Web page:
A friend who is both a geographer and a librarian (great combination!) recently shared the story of a very tall tree. Indeed, this beautiful 290-foot angelim vermelho is the tallest tree ever measured in the Amazon rain forest.
An October article in Nature tells the story of this tree, which emerges so high above the surrounding canopy that the individual tree was identified by remote sensing. Its distance from roads and rivers made it very difficult to reach and this indeed is what has allowed it to grow to this size. Even knowing exactly where it was, researchers spent a lot of time and effort to reach it.
And to protect it, the location is described only vaguely in the article; they indicate only that it is somewhere in the reserve shown below, well to the west of Belem. Wood poachers sometimes destroy large tracts of forest on their way to harvesting a single specimen like this.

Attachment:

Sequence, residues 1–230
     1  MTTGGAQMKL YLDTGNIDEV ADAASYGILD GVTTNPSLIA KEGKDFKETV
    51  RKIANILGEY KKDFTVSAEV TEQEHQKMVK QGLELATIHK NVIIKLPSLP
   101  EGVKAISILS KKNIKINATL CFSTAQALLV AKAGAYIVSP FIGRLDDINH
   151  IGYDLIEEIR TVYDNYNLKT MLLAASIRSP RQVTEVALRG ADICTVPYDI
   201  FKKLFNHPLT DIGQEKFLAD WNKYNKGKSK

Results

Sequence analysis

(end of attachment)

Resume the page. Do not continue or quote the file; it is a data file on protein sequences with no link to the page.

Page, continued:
The article does not use the term "emergent" but that is what such towering trees are called. They require an enormous base of buttresses for support, because roots reach only a few inches into the surprisingly poor rainforest soils.
|The Environmental Geographer showing off the |
buttresses of a much smaller tree in a different
part of the Amazon in 2003.
The article mentions not only the hardships of the journey to the single tree in Amapá, but also a large number of people involved in the work. I remember a presentation by a scientist who mounted a similar expedition to find rare lemurs in Madagascar. She and a photographer and a guide were going, but they needed people to cook food, carry the cameras, and carry the tents. And then those people needed more tents, food, and the like. In this way an expedition of 2-3 people quickly becomes almost two dozen.